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Monday, September 13, 2010

Barriers To Basic Care (2003)



Victoria Law
Medical neglect and malpractice are issues faced by prisoners across the United States. Women in prison, however, face the additional challenge of trying to obtain adequate care for specifically female health concerns from prison administrators and medical staff trained and accustomed to treating male prisoners. Despite the lack of outside support and the prevailing notion that female inmates do not organize to change prison conditions, women in prison have been and continue to be proactive in demanding adequate medical care.
Pregnancy is one of the more common female health concerns, yet even prison wardens agree that several of its needs “have yet to be dealt with in any of the facilities,” including adequate resources to deal with false labors, premature births and miscarriages; maternity clothing; changing the requirement that pregnant inmates wear belly chains when transported to the hospital; and a separate area for mother and baby. A 1999 study by the Department of Justice indicated that six percent of women entered jail and five percent entered prison while pregnant. However, only three percent of pregnant jail inmates and four percent of pregnant state prisoners were found to have received prenatal care since admission. Pregnant women are also not provided with the proper diets or vitamin supplements, given the opportunity to exercise or taught breathing and birthing techniques. In one instance, a twenty-year-old woman, who was almost five months pregnant when incarcerated, began experiencing vaginal bleeding, cramping and severe pain. She requested medical assistance numerous times over a three-week period, but there was no obstetrician contracted with the prison. She was finally seen by the chief medical officer, an orthopedist, who diagnosed her without examining her physically or running any laboratory tests, and given Flagyl, a drug that can induce labor. The next day, the woman went into labor. Her son lived approximately two hours.
Pregnancy is not the only female medical concern ignored by prison officials. Prevention, screening, diagnosis, treatment, pain alleviation and rehabilitation for breast cancer are virtually non-existent in prisons. In 1998, a study at an unnamed Southern prison found that seventy percent of the women who should have had mammograms under standard medical protocol had not been tested. Although many of the women were at high risk because of family histories, they were not provided with a clinical breast exam, information or basic education on self-examination upon admittance. At the California Institute for Women, Sherrie Chapman pleaded for nine years before receiving medical attention for the lumps on her breasts. By that point, cancer had progressed and she was forced to undergo two mastectomies and a hysterectomy.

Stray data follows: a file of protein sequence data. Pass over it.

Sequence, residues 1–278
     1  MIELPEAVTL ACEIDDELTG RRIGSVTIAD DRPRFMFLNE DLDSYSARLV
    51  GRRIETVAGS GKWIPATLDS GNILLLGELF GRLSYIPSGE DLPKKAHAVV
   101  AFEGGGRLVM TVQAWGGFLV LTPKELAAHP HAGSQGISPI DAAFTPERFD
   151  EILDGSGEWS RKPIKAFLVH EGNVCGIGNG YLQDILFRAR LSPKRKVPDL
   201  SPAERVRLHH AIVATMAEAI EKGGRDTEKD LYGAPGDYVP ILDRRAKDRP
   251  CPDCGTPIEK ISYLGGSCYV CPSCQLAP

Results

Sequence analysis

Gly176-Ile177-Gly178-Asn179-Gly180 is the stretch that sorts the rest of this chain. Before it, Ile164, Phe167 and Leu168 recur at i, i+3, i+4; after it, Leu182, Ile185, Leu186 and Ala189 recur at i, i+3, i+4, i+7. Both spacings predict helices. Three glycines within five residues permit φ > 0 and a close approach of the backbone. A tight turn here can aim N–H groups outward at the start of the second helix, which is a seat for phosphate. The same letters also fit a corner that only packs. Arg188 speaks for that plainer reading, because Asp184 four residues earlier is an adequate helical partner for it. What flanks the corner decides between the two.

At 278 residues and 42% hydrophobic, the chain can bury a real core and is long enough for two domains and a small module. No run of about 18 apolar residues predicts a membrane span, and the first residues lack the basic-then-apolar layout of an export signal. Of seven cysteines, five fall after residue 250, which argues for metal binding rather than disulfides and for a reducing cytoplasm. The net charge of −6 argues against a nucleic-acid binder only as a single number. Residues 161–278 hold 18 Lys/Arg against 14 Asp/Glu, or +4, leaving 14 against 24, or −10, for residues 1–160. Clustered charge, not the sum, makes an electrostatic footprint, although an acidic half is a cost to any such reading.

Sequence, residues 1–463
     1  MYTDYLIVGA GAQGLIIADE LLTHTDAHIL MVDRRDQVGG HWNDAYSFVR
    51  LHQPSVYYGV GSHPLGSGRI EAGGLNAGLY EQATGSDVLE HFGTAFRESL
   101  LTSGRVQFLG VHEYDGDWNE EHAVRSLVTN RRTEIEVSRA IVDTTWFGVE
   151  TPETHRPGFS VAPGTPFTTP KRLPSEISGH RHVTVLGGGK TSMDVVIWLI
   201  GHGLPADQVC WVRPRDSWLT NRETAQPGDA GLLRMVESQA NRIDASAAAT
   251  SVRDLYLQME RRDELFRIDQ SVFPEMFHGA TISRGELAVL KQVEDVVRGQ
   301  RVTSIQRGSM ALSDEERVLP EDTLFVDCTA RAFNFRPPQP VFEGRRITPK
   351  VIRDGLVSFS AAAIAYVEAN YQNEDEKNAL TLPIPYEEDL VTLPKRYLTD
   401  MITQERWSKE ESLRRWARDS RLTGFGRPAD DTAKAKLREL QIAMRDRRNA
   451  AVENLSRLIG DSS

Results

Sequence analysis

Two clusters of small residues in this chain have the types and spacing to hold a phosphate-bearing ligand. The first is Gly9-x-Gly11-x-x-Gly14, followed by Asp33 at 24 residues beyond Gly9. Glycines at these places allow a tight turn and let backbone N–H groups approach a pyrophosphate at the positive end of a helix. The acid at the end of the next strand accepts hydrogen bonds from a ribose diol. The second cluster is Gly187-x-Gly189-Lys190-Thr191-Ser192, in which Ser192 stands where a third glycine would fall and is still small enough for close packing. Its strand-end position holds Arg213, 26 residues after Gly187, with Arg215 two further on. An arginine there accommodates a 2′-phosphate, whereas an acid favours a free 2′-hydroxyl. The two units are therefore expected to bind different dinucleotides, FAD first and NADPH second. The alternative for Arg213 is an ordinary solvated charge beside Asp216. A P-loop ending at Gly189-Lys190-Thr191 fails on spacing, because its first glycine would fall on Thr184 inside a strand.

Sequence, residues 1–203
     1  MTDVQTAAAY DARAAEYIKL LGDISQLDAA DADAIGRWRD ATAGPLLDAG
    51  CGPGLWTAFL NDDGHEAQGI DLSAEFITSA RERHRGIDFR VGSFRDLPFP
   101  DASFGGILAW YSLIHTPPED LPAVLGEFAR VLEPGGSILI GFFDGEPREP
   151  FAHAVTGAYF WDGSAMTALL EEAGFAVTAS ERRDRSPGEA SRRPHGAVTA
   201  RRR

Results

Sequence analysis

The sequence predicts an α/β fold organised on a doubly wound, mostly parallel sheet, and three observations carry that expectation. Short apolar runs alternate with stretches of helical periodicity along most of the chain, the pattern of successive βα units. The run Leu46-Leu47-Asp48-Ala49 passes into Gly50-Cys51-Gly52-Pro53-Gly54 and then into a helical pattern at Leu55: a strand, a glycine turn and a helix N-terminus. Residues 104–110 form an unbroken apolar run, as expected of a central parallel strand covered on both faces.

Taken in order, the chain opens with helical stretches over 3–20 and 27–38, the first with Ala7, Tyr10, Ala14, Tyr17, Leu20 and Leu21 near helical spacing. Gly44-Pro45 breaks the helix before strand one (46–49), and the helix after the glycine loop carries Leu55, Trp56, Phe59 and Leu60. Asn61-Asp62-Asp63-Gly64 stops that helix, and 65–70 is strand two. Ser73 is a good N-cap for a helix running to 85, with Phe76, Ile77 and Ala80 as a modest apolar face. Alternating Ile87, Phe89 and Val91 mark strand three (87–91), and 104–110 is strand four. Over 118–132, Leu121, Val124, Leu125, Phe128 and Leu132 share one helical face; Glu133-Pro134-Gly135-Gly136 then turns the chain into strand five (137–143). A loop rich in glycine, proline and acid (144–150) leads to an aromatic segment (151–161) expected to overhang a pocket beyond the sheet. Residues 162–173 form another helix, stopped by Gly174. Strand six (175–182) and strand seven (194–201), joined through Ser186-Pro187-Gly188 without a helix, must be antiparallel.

Similarly, cervical cancer and other female illnesses are commonly misdiagnosed and mistreated, sometimes with alarming consequences. At Oregon’s new women’s prison, Coffee Creek Correctional Facility, Danielle Conatser was given a Pap smear which came back with abnormalities. The prison’s doctor informed her that she had cervical cancer. Conatser, who had given birth six weeks earlier, requested a second opinion. She was then told she would be put to sleep for a biopsy. When she awoke, she was told that the doctor who had originally diagnosed her had removed a good portion of her cervix, thus making it unlikely that she would have children in the future. Conatser never received a second opinion or any follow-up care. She continues to live with the fear that she has cancer.
Not only are the particular health care needs of women ignored or dismissed, but health care in general is often inadequate or life-threatening. Darlene Dixon recalled her visit to a private clinic contracted by her prison: “There was no disposable paper on the table to create a sanitary barrier between my body and the examination table. The room was basically in disarray; there were spilled liquids on the counter tops as well as debris on the floor.” In the restroom was a sink filled with “soiled and bloody tubes, lids and bottles. Even more disturbing were the clean ones located on top of the toilet tank beside it. It rapidly became apparent to me that these items were being washed and reused.”